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P. 18-23 /

Opportunities for predictive modelling and gut health Conceptually exploring an in silico tool for quantifying the benefits of dietary fibre consumption18

DOUGLAS ROSENDALE1, ADRIAN COOKSON2*, NICOLE ROY2, INDRAKUMAR VETHARANIAM3
*Corresponding author
1. Plant and Food Research Ltd., Food and Nutrition Group, Private Bag 11600, Palmerston North 4442, New Zealand
2. AgResearch Ltd., Food & Bio-based Products Group, Private Bag 11008, Palmerston North 4442, New Zealand
3. AgResearch Ltd., Animal Productivity Group, Private Bag 3123, Hamilton, 3240, New Zealand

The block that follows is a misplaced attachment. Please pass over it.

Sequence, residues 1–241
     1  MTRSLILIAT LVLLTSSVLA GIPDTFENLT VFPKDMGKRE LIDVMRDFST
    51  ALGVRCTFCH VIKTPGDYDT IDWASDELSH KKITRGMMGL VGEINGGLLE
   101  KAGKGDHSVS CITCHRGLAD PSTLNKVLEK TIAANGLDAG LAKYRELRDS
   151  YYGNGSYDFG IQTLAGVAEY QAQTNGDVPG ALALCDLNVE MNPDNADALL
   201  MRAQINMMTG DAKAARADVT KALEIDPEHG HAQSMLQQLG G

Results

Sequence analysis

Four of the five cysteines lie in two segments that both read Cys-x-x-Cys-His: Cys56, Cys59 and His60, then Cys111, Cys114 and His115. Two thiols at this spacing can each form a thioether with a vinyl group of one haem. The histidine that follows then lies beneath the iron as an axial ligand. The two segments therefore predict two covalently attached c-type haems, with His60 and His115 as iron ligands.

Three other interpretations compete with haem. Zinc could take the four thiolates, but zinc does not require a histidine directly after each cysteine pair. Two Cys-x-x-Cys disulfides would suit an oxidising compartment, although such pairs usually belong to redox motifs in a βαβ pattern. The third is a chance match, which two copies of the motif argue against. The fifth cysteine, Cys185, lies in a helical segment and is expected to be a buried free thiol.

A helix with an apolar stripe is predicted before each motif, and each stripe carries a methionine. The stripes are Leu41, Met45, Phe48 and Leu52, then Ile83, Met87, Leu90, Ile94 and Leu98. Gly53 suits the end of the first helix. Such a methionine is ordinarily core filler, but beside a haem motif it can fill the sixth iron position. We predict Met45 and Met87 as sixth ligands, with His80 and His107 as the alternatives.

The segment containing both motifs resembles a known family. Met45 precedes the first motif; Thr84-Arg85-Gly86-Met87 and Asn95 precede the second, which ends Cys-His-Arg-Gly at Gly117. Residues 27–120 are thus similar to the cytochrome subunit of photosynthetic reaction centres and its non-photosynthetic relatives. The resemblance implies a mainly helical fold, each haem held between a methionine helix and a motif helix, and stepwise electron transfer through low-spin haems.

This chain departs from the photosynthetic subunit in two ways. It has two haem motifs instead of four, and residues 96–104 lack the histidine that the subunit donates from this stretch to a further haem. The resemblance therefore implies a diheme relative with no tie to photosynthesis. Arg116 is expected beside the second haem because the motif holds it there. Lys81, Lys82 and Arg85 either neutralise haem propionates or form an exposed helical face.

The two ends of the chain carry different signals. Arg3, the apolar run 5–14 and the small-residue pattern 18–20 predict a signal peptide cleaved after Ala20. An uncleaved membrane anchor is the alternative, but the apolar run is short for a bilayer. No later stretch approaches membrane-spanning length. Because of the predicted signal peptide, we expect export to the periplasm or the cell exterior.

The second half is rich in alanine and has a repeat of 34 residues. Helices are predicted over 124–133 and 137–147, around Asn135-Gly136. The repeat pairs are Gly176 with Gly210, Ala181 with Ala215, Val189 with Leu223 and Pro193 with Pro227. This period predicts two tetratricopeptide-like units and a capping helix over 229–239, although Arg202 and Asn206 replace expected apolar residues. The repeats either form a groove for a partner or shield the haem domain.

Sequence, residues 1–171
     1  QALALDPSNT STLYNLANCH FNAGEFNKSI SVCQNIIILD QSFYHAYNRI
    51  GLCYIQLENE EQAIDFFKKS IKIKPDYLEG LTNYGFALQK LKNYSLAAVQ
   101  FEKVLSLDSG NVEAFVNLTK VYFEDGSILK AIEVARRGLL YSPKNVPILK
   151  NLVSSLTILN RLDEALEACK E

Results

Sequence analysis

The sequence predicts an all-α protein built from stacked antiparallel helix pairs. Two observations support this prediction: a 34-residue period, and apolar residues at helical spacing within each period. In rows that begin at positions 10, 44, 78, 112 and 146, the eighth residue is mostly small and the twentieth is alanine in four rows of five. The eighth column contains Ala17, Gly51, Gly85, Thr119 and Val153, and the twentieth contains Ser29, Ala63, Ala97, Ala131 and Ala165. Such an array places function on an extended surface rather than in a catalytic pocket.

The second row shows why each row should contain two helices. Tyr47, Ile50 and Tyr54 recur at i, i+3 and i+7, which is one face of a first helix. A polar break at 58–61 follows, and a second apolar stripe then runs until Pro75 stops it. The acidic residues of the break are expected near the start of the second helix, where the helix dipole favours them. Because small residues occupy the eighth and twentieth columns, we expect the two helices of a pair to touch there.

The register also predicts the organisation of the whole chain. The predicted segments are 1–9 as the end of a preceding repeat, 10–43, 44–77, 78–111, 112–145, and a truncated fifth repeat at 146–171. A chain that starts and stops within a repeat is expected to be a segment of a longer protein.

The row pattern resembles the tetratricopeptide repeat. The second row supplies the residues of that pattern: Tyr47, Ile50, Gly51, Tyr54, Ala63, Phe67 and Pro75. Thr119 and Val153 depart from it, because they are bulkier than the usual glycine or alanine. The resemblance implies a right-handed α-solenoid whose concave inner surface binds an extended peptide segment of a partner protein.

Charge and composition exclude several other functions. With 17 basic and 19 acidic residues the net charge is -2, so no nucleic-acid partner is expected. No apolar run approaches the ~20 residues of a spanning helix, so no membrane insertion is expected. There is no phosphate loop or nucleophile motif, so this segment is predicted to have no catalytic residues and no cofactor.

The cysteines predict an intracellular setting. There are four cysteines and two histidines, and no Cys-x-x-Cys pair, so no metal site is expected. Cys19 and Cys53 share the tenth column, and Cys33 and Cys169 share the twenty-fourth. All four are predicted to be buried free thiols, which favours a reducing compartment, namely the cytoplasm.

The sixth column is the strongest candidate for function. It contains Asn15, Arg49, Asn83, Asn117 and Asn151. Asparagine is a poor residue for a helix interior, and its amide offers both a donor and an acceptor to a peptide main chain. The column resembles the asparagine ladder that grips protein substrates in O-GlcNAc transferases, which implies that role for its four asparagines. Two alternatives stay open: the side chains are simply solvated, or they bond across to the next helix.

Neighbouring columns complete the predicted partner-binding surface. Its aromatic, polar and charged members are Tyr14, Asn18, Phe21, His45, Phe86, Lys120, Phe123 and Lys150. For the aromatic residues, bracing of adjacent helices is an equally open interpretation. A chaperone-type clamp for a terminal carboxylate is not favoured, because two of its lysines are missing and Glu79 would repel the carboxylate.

Abstract

Scientific validation is required for claims of gut health benefits from food. Predictive mathematical modelling ofthe impact of consuming potentially beneficial foods may provide a useful first step by allowing us to integrate knowledge ina way that allows us to predict gut health outcomes. Recent technologies have increased our awareness of the complexityof food-microbe-host interactions, which makes modelling challenging. The most appropriate approach for dietary fibrebasedfoods may be a model based on literature-derived data. A number of specific biomarkers of gut health have beensuggested, with many studies describing changes in short chain fatty acids (SCFA), indicating their potential use as the mostsuitable biomarker. The most promising modelling solution may be an empirical model incorporating mechanistic elements.


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